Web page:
‘I can’t cope’ wrote boy, 14, who died in custody

‘I can’t cope” wrote boy, 14, who died in custody
The mother of the youngest person to die behind bars in Britain wept yesterday as she told an inquest about the final months of her son’s life.Adam Rickwood was 14 when he was found hanged in his room at Hassockfield Secure Training Centre in Co Durham in August 2004. The teenager was on remand at the unit, 150 miles from his home in Burnley, Lancashire.
Source:-The Times, Wednesday 2 May 2007, page 22

Social care gets first course of treatment
An action plan for the 21st century gives a disjointed sector an imaginative rethink.
Source:- Society Guardian, Wednesday 2 May 2007, page 3

Doctors seek to cure blind patients by injecting eye with genes
A British hospital has made the world’s first attempt to treat blindness with a revolutionary gene therapy.
Source:-The Times, Wednesday 2 May 2007, page 24

Return of the council house
Shelter has welcomed indications yesterday that the government will increase council house building by making it easier for local authorities to use spare land and retain rent money to construct new builds.
Director Adam Sampson said the commitments, from housing minister Yvette Cooper, would got some way towards meeting the charity’s call for an extra 60,000 social homes to be built over the next three years.
Source:- Daily Mirror, Wednesday 2 May 2007, page 11

Smoke on the brain
A lifetime’s exposure to other people’s tobacco smoke increases the risk of developing dementia, a medical conference in Boston, Massachusetts, was told yesterday.
A team from the University of California in Berkeley followed 3,602 people, aged 65 or over, for six years. Just under 500 reported that they had been exposed to secondhand smoke for long periods, averaging 28 years.Thaddeus Haight and his team found that those exposed to smoke were 30 per cent likelier to get dementia.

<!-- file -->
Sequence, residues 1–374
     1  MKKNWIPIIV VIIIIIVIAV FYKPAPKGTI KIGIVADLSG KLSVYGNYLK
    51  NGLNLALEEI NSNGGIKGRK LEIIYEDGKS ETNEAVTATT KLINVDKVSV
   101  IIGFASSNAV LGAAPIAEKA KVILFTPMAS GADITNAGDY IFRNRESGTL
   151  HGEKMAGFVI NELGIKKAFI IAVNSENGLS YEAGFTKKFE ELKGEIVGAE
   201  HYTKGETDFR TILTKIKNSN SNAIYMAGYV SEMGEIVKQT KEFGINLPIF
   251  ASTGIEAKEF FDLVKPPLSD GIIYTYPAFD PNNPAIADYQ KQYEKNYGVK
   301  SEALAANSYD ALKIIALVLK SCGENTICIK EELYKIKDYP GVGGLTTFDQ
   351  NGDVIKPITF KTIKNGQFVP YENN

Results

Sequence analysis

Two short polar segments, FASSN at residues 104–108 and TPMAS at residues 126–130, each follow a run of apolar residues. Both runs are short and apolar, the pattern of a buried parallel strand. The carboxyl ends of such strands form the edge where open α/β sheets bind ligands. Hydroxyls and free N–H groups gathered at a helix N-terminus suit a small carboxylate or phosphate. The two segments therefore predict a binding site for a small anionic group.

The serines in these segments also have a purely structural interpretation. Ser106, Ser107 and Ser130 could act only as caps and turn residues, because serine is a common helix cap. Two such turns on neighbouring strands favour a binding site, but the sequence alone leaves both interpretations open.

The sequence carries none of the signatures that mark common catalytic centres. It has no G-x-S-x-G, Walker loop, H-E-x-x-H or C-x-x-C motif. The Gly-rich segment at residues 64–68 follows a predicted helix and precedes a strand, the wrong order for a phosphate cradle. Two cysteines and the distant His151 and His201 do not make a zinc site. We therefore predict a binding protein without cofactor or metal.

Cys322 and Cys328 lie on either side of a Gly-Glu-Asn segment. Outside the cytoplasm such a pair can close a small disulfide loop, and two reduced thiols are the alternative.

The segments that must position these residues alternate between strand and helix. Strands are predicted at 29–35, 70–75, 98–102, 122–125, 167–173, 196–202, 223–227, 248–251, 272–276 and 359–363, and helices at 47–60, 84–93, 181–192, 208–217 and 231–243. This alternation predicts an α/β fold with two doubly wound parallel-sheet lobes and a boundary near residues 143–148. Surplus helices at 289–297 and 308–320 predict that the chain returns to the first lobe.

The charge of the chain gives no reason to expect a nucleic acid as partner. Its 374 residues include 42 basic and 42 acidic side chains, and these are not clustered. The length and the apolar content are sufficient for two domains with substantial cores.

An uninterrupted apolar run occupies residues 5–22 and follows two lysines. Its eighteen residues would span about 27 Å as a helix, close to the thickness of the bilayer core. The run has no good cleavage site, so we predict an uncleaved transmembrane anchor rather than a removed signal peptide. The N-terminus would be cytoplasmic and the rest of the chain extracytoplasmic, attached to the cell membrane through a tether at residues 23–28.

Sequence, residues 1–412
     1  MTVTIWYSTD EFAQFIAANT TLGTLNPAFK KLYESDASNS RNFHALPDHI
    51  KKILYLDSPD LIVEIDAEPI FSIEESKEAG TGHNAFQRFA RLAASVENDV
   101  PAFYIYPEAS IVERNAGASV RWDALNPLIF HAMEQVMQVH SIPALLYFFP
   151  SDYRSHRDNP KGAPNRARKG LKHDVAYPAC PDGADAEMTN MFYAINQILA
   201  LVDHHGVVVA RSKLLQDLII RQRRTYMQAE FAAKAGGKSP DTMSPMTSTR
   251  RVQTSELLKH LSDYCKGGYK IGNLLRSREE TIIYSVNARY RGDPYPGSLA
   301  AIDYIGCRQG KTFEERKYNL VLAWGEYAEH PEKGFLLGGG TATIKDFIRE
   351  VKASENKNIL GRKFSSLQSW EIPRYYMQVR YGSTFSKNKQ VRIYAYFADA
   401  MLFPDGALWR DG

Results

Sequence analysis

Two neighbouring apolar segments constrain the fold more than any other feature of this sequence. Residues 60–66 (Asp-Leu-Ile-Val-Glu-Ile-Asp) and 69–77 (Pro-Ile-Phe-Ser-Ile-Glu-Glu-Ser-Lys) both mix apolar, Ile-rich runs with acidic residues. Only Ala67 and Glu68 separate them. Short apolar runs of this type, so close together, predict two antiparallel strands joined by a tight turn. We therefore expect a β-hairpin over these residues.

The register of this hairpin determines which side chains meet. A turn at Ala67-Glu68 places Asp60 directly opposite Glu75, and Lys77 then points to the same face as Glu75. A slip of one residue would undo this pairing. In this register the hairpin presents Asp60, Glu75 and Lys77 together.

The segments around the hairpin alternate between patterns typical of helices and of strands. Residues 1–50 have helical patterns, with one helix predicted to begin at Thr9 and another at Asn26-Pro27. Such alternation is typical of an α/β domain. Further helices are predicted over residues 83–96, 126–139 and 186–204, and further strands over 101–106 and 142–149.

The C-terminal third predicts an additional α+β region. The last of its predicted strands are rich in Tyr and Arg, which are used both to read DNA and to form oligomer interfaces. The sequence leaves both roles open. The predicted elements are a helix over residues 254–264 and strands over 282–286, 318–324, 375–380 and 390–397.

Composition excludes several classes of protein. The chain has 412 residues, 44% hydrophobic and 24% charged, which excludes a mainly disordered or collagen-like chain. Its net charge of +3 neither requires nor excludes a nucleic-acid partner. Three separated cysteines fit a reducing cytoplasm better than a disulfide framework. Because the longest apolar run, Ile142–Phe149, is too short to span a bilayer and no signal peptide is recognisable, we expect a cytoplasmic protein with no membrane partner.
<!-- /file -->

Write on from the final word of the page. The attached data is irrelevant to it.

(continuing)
Source:-The Times, Wednesday 2 May 2007, page 24

Asylum seekers: booking a ticket to success
A voluntary scheme at local libraries is offering refugees and asylum seekers a new lease of life.
Source:- Society Guardian, Wednesday 2 May 2007, page 7

Asylum care fails children
Some 3,000 children who arrive in the UK every year seeking asylum can end up leading isolated lives due to the patchy nature of services provided by local authorities, says a report from New Philanthropy Capital.
Source:- Society Guardian, Wednesday 2 May 2007, page 10

The art of courage
The paintings of a 19-year-old woman who cannot use her arms and legs will go under the hammer at Christie’s auction house today. Leanne Beetham, who paints with her mouth, is the youngest artist in the auction, which is being held to raise funds for the David Shepherd Wildlife Foundation for endangered wild animals.
Source:- Daily Mail, Wednesday 2 May 2007  page 21

Elderly must pay 70% more for hospital TV
A firm providing bedside televisions for hospitals has scrapped a discount rate for watching TV for the over-65s, meaning their daily bills will rise by 70%. Patientline’s rates for pensioners will increase from £1.70 to the standard rate of £2.90 in a move criticised by the Patients’ Association as the “last straw”.
Source:- Daily Mail, Wednesday 2 May 2007, page 31

Scottish news

No social care news today.

Welsh news

Asbo gran appeals
An elderly lady once described as “the original neighbour from hell” will appeal against her jail sentence today. Dorothy Evans, 81, from Abergavenny, South Wales, was sentenced to six months in jail in April for harassment and six breaches of an antisocial behaviour order. Her appeal is being heard at the High Court in London.
Source:-icWales, Wednesday 2 May, 2007

Nurseries ‘losing popularity’
Increasing numbers of parents are choosing to care for their children themselves rather than send them to nurseries new research has found. The study, carried out by market analyst Laing and Buisson, shows that 19.5 per cent of nursery places in Wales are vacant.
Source:- South Wales Echo, Wednesday 2 May 2007



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